The present invention relates generally to semi-finished wood simulating products and methods, and more particularly to semi-finished products capable of accepting wood stain, paint or varnish as applied by an end user at an installation site and methods of manufacturing semi-finished wood simulating products.
There is a need to substitute wood simulating products for solid or real wood products to reduce material costs. This need to substitute simulated wood products for real wood is particularly acute for hardwood products. These hardwoods include woods such as lauan mahogany, and other woods of that same family, the bulk of which come from the Philippines and other pacific and forest locations. Over the last ten years, the availability of such woods has greatly diminished, and the remaining supply has diminished markedly in quality. There are also substantial environmental issues and concerns affecting both the quality and quantity of the real wood supply, in part, because these woods come from "rain forest" areas which have been "harvested" over the years as part of a general land clearing program which did not include replanting, etc.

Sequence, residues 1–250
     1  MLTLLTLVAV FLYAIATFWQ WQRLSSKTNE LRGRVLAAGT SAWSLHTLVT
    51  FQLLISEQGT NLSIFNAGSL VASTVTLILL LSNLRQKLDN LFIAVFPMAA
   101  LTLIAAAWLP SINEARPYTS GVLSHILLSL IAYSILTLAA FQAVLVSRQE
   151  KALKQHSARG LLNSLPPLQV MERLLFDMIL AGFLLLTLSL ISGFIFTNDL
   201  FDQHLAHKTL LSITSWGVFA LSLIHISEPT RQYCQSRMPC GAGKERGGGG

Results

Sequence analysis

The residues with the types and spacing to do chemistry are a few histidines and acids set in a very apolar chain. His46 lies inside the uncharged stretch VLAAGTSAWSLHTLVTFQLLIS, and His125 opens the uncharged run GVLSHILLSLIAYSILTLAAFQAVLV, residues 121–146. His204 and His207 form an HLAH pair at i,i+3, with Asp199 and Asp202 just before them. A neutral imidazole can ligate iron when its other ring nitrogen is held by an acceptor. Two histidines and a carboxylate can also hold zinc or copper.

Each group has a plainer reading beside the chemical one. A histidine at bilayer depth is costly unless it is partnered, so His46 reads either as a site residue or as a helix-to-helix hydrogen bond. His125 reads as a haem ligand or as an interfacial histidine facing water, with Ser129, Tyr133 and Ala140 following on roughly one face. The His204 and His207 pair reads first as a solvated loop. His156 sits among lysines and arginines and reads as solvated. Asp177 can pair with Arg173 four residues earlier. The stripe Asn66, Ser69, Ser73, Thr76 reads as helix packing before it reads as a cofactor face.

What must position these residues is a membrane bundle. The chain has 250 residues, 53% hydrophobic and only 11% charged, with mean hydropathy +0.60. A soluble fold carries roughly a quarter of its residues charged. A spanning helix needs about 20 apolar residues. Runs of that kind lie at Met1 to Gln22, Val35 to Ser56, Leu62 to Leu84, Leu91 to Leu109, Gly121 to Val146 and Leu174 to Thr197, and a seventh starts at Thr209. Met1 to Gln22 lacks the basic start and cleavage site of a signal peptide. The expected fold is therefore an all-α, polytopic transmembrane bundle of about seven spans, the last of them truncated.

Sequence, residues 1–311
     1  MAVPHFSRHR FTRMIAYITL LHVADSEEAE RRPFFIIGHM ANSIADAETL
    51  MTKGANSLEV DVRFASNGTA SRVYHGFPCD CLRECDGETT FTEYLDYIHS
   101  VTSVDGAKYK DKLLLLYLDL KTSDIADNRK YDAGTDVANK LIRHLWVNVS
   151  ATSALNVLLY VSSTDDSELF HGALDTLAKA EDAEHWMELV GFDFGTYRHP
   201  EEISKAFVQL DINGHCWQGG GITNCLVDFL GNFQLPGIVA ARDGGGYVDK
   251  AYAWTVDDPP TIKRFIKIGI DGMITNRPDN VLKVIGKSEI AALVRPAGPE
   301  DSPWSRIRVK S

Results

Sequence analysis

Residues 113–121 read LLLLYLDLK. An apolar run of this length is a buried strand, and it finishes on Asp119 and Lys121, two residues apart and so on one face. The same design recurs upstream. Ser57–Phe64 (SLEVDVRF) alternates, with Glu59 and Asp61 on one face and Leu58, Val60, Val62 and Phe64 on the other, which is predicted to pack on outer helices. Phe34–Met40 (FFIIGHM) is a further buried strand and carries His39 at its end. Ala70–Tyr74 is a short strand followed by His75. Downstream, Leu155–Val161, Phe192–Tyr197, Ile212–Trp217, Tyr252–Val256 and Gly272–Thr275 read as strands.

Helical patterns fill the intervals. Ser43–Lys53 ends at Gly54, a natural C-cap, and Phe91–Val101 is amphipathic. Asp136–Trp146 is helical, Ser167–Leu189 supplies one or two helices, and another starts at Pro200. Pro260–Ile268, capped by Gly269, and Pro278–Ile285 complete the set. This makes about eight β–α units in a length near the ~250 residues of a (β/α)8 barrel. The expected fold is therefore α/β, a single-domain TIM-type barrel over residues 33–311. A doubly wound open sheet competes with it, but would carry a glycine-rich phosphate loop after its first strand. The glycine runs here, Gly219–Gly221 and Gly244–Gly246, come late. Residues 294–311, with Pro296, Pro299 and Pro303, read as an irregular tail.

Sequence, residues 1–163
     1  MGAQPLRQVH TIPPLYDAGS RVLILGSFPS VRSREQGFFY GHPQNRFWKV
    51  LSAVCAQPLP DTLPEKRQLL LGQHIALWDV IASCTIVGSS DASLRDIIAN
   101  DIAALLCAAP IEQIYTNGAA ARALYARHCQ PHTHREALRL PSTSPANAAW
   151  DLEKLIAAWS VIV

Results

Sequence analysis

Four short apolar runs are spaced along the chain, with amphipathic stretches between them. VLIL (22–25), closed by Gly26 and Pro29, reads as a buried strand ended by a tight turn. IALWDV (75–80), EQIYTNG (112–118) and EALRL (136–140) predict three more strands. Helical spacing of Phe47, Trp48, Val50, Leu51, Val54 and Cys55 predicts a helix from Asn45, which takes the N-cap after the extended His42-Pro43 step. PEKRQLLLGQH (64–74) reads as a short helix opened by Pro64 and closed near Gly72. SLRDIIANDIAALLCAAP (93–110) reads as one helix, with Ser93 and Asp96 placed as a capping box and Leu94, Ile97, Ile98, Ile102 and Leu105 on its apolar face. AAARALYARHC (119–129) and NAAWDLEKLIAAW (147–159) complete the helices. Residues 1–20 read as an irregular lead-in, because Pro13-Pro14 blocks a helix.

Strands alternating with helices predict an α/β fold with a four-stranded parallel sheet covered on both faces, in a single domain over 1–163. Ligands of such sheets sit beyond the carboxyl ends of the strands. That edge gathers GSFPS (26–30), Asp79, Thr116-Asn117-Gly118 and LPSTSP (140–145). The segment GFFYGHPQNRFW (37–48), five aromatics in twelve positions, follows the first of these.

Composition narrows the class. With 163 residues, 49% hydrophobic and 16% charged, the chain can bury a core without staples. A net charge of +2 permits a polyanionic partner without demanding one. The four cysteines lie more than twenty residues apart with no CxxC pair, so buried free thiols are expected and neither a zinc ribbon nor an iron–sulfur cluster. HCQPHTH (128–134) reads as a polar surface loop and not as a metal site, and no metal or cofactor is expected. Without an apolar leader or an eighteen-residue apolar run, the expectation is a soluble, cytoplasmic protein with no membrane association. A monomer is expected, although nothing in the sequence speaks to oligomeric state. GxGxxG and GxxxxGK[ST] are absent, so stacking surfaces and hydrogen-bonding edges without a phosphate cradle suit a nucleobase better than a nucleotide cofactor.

A traditional method of manufacturing simulated wood products such as paneling, or door-skins for hollow core doors, involves utilizing a non-solid wood substrate such as a wood composite or fiberboard substrate and overlaying this substrate with a paper overlay and then applying a protective coating to the paper overlay. vinyl overlays may also be used. There are numerous problems inherent in the traditional methods. These problems include the risk of the paper or vinyl overlay product peeling from the substrate. Another problem is that bubbles and blisters sometimes occur in the overlay process. Other problems are that the protective coating is not cleanable with a solvent or capable of being sanded to eliminate surface imperfections and scratches which occur during shipping and handling. Most importantly, the type of wood being simulated and the color of its stain must be determined at the manufacturing facility and is not changeable by the user at the installation site.